Satish Chandra, C.J.
1. The interesting questions of law which arise for our consideration in this reference under the Indian I.T. Act are :
'(1) Whether the regular assessment under the Business Profits Tax Act is required to be made within four years of the end of the chargeable accounting period and
(2) If not, whether the making of such an assessment after 20 years was making it within a reasonable time ?'
2. The Tribunal answered the first question in the affirmative and the second in the negative. Hence, this reference at the instance of the CIT.
3. In respect of various chargeable accounting periods ranging from 1st April, 1946, to 31st March, 1949, the ITO issued a notice under Section 11 of the Business Profits Tax Act, 1947, within a year, and so were provisional assessments made under Section 13 of the Act, the details whereof are as under. The regular assessments were, however, made nearly 20 years later on 30th December, 1969, for all these periods. The tax demand created by the provisional and the regular assessments is also indicated below.
Chargeable accounting period
Date of service of notice
Date of provisional assessmentorder
Amount of tax
Date of regular assessment order
Amount of tax
(a) 1-4-46 to 31-12-48
within a year
(b) 1-1-47 to 31-3-47
(c) 1-4-47 to 31-12-47
(d) 1-4-48 to 31-12-48
(e) 1-1-49 to 31-1-49
4. It is apparent that the tax demand was considerably increased by the regular assessment.
5. The assessee went up in appeal. The submission that the regular assessment made after 20 years was illegal was repelled on the ground that no period of limitation has been prescribed for it.
6. The other submission that the profits of Smith Stanistreet & Co. Ltd., should not be added to the profits of the assessee-company was accepted and the Business Profits Tax Officer was directed to recompute the chargeable profits on that basis.
7. The assessee took the matter to the Tribunal. The Tribunal held that the regular assessment under Section 12 has to be made within four years of the end of the chargeable accounting period. In the alternative, it was held that 20 years was an unreasonably long period. The department has failed to justify the delay. The regular assessments were hence quashed.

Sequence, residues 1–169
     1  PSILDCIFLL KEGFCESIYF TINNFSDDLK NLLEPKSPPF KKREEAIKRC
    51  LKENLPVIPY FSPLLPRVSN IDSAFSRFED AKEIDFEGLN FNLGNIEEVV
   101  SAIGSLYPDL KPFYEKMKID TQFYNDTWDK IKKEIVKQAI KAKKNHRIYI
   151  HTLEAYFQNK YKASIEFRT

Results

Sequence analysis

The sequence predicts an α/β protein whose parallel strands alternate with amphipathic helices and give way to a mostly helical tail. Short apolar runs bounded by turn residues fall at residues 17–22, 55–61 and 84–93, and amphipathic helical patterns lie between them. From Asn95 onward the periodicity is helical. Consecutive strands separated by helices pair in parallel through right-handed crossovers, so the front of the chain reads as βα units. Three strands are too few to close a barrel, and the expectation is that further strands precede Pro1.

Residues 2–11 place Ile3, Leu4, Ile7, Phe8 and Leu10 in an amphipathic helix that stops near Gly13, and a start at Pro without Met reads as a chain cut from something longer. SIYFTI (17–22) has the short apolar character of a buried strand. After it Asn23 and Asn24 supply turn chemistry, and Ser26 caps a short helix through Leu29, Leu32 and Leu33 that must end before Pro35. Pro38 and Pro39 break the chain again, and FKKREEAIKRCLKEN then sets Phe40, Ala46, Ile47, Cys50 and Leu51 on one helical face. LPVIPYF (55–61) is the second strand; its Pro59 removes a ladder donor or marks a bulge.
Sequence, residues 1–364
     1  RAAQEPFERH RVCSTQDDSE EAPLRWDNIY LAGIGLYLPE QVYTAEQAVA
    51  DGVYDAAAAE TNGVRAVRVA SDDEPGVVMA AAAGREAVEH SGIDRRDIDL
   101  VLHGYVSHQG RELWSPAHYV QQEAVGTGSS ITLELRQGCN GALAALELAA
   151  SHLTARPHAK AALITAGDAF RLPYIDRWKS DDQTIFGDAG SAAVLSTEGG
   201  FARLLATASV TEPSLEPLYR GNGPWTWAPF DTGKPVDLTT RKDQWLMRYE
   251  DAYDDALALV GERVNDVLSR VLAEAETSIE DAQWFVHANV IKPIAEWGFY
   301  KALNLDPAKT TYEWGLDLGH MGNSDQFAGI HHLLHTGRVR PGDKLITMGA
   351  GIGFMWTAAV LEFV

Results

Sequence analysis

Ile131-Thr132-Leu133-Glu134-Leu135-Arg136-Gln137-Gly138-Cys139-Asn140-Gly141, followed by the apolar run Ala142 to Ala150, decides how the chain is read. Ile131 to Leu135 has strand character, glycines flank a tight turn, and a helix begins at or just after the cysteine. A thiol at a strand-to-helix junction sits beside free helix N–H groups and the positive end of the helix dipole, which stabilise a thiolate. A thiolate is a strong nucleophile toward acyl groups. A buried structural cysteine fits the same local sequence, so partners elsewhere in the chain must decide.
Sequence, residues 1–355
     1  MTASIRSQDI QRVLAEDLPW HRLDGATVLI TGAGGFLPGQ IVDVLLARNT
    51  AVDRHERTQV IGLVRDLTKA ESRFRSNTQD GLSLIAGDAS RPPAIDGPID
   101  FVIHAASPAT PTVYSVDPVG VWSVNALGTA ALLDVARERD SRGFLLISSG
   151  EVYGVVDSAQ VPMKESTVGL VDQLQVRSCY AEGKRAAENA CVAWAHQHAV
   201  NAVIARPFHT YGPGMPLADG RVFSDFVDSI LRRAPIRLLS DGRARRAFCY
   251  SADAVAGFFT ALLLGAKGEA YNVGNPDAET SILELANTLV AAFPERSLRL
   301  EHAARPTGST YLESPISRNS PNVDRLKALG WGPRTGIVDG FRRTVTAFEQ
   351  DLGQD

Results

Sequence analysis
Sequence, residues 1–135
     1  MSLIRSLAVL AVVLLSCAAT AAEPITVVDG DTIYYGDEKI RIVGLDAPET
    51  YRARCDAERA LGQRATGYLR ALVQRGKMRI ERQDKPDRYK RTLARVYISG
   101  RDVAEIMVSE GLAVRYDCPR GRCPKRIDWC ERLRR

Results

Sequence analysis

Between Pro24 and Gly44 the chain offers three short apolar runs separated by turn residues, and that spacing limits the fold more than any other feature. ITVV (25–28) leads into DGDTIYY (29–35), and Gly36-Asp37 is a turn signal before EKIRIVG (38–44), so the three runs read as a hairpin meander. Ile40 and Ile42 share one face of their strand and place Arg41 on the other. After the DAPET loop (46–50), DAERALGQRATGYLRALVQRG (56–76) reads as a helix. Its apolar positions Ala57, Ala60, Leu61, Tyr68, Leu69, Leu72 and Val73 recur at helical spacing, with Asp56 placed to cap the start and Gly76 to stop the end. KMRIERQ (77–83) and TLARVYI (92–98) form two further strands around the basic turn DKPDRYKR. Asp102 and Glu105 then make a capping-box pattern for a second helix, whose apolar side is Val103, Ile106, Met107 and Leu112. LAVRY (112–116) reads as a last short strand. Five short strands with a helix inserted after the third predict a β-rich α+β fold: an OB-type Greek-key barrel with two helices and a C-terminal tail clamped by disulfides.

8. In CIT v. Narsee Nagsee & Co. : 40ITR307(SC) , the Supreme Court by majority held that the notice under Section 11(1) of the Act ought to be issued within the financial year commencing next after the expiry of the accounting period. This conclusion was reached by a process ot construction of Sections 11(1) and 14 of the Act read with Section 50 of the Indian I.T. Act as adaptedby the Business Profits Tax Rules. Section 11(1) did not prescribe any period of limitation for issuing the notice with a view to bring the chargeable profits to tax under the Business Profits Tax Act. Section 14, which covered escaped assessments provided a limit of 4 years. The Supreme Court held that since Section 14 extended to cases where no notice had been issued under Section 11(1) and consequently no assessment had at all been made, it would be anomalous that for a notice under Section 14 there should be a limit of four years while there should be none for a notice under Section 11. The majority opinion of the Supreme Court was also influenced by the fact that the modified Section 50 of the Indian I.T. Act as applied by the Business Profits Tax Rules provided that a claim to any refund of tax under the Act shall be allowed only if it is made within four years from the last day of the financial year commencing next after the expiry of the accounting period. Their Lordships held (p. 317) :
'If the contention of the appellant is correct then this section will be wholly otiose where the assessment is levied after say 10 years from the end of the chargeable accounting period because by no method of calculation will a refund of tax in that circumstance be claimable under Section 50. This furnishes a key to when a notice under Section 11(1) has to be given. It must be given within the financial year which commences next after the expiry of the accounting period or the previous year which is by itself or includes the chargeable accounting period in question.'
9. In this passage, the court emphasised that if the assessment is levied, after, say, ten years, no refund can be claimed. This observation tends to show that the assessment must be made prior to the expiry of the time fixed by the rules for claiming refund. In other words, the assessment itself must be made within four years.
10. According to this Supreme Court authority, the position is that the notice under Section 11(1) must be issued within one year of the end of the chargeable accounting period and the assessment must be made within four years thereof.
11. Learned counsel for the revenue stressed many aspects which were virtually the reproduction of the minority opinion expressed by Hidayatullah J. in the aforesaid case. Since the majority decision is binding, it is unnecessary to dilate upon those various aspects.
12. In this view, it is unnecessary to deal with the question whether the making of the regular assessment after 20 years was within reasonable time. In view of the answer to the first question, this question, which in the reference is split into two questions, has become merely academic.
13. We, therefore, answer the first question in the affirmative, in favour of the assesses and against the department and the other question isreturned unanswered. In the circumstances, the parties will bear their own costs.